In 2016, after accumulating nearly $1 million savings, Steve Adcock quit my job in software development and retired at 35. A few months later his wife Courtney joined him. This writes CNBC.
Not everyone will be able to retire in 30 years, but achieving financial independence many of the forces. It may not be easy, but you do not need to be a genius to do it.
No one wants to be bankrupt, so even if the goal is not to retire early, we should all live by these six core principles for creating wealth.
1. Make financial freedom your goal number 1
The first rule is the most important, and it has little to do with money. We are talking about sufficient desire to achieve the goal to make her your top priority.
“I had a great salary and I am well coped with his work. But I was afraid to go to work every day. I didn’t like to have a boss or sit on the related performance. Meetings, utility conflicts and a long trip to work was exhausting. So, I decided to make an early retirement as their main goal,” writes Adcock.
“I focused on making major changes in my financial habits. Instead of allowing my money to remain idle, I put in more. I also started saving 70% of their income. It was difficult at first, but became easier when I kept reminding myself that all I spent was things that I either haven’t used or needed them,” adds Adcock. — None of the changes made I was not a victim, because I knew all of them to achieve my goal. This is how to get in shape: you lose or gain weight only in the case if you change your diet and habits. And you have to want it enough to keep doing it.”
2. Actively increase your income
“Despite the fact that I was earning six figures, I always thought about how I can use your skills to actively increase their income,” writes Adcock.
He launched a financial website and was writing on it. In the end, he started to make the site an average $1,000 a month. Together with his wife they also launched a YouTube channel, which documented her journey, which brought another $400-$500 per month. And leaving some free time, he was earning a few hundred dollars on the side.
“But I still worked a lot on my daily work, because it was my main source of income. I wanted to show my boss why I deserve a raise for 10% or 15% (which I asked for and received twice). Midway in my career I plucked up the courage to ask about the promotion. Four months later I was promoted,” writes Adcock.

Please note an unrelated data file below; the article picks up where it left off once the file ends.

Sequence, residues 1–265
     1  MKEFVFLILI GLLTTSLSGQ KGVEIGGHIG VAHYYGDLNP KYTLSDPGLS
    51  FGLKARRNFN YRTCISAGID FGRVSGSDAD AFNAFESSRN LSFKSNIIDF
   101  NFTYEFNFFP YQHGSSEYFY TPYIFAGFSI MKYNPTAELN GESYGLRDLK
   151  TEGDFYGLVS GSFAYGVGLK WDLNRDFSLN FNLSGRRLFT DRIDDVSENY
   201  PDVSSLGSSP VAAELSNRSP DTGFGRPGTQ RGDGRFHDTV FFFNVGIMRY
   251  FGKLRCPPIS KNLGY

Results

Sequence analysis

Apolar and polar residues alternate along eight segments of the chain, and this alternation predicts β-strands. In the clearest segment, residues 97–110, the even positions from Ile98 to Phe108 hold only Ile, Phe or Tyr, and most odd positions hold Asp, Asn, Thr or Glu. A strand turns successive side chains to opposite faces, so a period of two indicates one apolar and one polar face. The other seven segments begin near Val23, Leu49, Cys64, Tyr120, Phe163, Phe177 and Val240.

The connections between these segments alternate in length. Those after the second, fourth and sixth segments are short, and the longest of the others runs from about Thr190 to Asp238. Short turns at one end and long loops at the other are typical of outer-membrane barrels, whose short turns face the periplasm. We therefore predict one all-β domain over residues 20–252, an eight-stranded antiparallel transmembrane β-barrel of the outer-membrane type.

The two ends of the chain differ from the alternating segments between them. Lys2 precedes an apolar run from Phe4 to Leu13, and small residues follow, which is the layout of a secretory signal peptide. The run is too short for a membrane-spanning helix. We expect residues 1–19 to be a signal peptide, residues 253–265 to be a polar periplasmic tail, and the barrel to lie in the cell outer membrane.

Courtney also earned a lot. As they both saved 70% of total income, which ranged from $200 000 to $230 000 per year, they are rapidly approaching early retirement.
3. Invest in valuable assets
Saving money, increasing interest rates and fuss will not help you to retire. Adcock together with his wife created a large part of the budget, investing in valuable assets such as stock market, real estate, businesses, and relics or historic sites.
The idea of this is simple. You buy an asset at a certain price. Over time the asset grows (or increases) in value. And boom, now you have something that is worth more than you paid.
If you invest $1000 and in a year you get 10% (or $100), then your new base is the starting point in the next year will be $1100. Another 10% of profits are $110. Add to that a couple of zeros, and the money will be enough to retire.
“In subsequent years through investment in valuable assets, we increased our savings to more than $1 million When it comes to investments, it is always better late than never. If you haven’t started, there are many resources on the Internet, or you can talk to a financial Advisor,” writes Adcock.
4. Automate, automate, automate
I always like the approach of non-intervention whenever possible, especially when it comes to money.
Many employers offer pension plans, and most companies will automatically make contributions directly from your paycheck to your investment account. After you configure it, you no longer have to worry about it.
Adcock and his wife used it fully when I was working:
“Automation will make your life a lot easier because you don’t have to rely on discipline when you pay your bills, avoid late fees, interest or credit downgrade,” writes Adcock.
5. Know where your money is going
One of the most effective ways to eliminate debt is to know exactly where your money is. Every penny counts. This is the basic principle, but many people lack the discipline to sit down once a month and review your expenses.
A few simple steps can make a huge difference in your finances:
Look at your invoices instead of having to lay them aside. Make sure you understand each position in your account.
“Fun” expenses should be after paying bills and replenishing retirement accounts.
Don’t ignore small expenses. They have a lot to tell you about what spending habits are working against you. For example, morning coffee, Lunches and much more — all of this is s decent amount.
Monthly subscriptions are notoriously forgotten. Make sure you know how much they cost and whether you use them or not.
6. Detach yourself from the things that you don’t need
“I had a Corvette Convertible and Cadillac CTS. I also rode a sports bike Yamaha R1 around the city, paying $150 a month for insurance. But I sold all those things once did early retirement as its main objective”
“We are with Courtney now live very modestly, and we couldn’t be happier. We have reduced the cost of cable TV and use the subscription streaming services for half the price. We spend only $50 a month on food in restaurants. We buy new clothes at least two times a year. We buy phones, only if the old completely broken, writes Adcock. — No need to give up everything, you need to reevaluate your priorities. I believe that you need to freely spend money on things that bring you lasting joy, and to cut costs on things you don’t need. The key is to recognize what makes you happy and what doesn’t”.